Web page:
WHAT WE’RE DOING TO PROTECT CHILDREN FROM HUMAN TRAFFICKING

Human trafficking is the second largest global organized crime today—generating $31.6 billion annually.  Each year more than 1.5 million children are trafficked for commercial sexual exploitation and forced labor, and it is estimated that 99% are never rescued.  The innocence of childhood is exchanged for the profit of others.  This is a crime that knows no boundaries—whether geographic, ethnic, or socio-economic—but the most vulnerable are those who have no one to speak for them.  On five continents, we are working on the front lines to prevent children from falling victim to this horrific crime.

Protection and Empowerment. To date, we have partnered with nonprofits across the globe to build 31 houses for orphans and vulnerable children, and in 2011, more than 500 children were reached. Each of our programs provides a safe and loving home environment where children are able to complete their education and learn life skills that will provide the foundation for a hopeful and productive future.  Our work protects the most vulnerable children by providing access to caring adults, educational support, health care and job training.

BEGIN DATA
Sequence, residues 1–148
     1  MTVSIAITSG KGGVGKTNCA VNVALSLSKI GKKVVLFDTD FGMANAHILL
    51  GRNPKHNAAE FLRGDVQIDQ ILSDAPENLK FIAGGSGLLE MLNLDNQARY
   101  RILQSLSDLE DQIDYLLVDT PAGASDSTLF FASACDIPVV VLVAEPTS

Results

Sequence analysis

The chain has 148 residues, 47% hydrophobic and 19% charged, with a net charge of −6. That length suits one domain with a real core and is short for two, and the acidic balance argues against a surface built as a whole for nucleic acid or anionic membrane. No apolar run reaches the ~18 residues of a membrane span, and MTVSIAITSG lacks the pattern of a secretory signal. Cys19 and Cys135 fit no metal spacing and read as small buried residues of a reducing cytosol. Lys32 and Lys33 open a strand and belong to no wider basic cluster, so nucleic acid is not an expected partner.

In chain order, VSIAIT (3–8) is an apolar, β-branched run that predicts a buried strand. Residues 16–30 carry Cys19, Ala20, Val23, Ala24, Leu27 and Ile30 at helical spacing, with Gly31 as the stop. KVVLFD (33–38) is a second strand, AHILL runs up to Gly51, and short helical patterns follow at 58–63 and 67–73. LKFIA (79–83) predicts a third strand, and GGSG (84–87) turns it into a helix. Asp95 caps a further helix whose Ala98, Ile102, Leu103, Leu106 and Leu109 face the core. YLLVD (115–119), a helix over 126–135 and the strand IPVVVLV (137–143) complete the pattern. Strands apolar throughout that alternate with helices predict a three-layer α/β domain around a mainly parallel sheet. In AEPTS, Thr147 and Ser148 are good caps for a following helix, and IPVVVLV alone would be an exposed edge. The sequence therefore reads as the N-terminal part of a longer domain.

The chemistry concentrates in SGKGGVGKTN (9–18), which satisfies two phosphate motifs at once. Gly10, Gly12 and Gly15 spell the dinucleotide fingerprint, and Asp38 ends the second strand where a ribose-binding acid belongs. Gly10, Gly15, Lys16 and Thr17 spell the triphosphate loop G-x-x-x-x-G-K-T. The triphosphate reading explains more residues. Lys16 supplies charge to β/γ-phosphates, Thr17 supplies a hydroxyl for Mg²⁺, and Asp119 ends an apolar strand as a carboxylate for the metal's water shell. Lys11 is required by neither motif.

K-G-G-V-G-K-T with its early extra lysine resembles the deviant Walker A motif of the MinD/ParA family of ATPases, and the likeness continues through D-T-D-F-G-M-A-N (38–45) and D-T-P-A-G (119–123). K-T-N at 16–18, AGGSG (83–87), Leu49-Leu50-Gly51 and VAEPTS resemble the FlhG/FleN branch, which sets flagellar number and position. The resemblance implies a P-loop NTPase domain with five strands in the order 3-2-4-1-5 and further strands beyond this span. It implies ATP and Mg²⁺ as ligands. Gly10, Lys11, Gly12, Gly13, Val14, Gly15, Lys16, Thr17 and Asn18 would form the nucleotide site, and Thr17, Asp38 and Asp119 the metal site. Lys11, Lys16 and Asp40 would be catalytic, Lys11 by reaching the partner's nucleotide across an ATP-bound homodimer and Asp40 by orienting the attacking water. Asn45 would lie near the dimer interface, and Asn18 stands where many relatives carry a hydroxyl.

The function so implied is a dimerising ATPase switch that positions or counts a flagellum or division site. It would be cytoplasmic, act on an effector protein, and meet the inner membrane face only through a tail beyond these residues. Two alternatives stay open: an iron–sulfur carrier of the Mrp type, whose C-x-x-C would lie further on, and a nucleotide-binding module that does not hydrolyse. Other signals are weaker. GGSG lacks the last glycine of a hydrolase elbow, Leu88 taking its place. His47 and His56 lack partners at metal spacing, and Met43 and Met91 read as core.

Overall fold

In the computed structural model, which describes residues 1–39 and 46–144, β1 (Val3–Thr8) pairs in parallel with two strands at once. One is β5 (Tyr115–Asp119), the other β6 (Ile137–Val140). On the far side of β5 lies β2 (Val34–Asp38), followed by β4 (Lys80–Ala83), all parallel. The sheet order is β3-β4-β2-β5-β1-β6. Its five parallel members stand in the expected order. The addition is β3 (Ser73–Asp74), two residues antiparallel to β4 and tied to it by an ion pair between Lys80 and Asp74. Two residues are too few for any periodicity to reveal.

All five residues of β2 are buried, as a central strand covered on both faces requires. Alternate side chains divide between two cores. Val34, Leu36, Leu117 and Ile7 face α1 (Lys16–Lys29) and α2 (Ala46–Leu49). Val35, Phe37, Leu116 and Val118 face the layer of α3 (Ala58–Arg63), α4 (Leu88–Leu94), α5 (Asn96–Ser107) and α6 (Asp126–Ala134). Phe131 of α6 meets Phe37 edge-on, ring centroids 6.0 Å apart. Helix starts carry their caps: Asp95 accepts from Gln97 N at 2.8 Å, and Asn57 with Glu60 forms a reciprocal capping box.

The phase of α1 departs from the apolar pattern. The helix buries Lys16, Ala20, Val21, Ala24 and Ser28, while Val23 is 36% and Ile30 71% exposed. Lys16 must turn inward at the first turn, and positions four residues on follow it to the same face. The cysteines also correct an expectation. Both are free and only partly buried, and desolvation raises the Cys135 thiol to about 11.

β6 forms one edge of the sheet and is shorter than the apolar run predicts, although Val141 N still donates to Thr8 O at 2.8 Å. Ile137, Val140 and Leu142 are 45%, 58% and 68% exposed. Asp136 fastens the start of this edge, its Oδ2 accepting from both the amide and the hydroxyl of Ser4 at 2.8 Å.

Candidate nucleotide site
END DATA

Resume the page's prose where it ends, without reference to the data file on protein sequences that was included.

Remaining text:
We recognize that entrapment in human trafficking is often the result of poverty and lack of resources, so we have also established a consortium of university partners who are working with us to develop education and workforce development programs, as well as opportunities for continued education at the university level.

Education and Mobilization.  In a speech before the House of Commons in 1791, William Wilberforce stated, “You may choose to look the other way but you can never again say you did not know.” We are committed to exposing the evil of human trafficking, and providing resources for those who choose not to look away. The criminal network working to ensure the continuation of this exploitation is strong, and complete abolition will require engagement at all levels—from students to heads of State.

5 WAYS YOU CAN HELP END HUMAN TRAFFICKING

An American Nursing Student in Malawi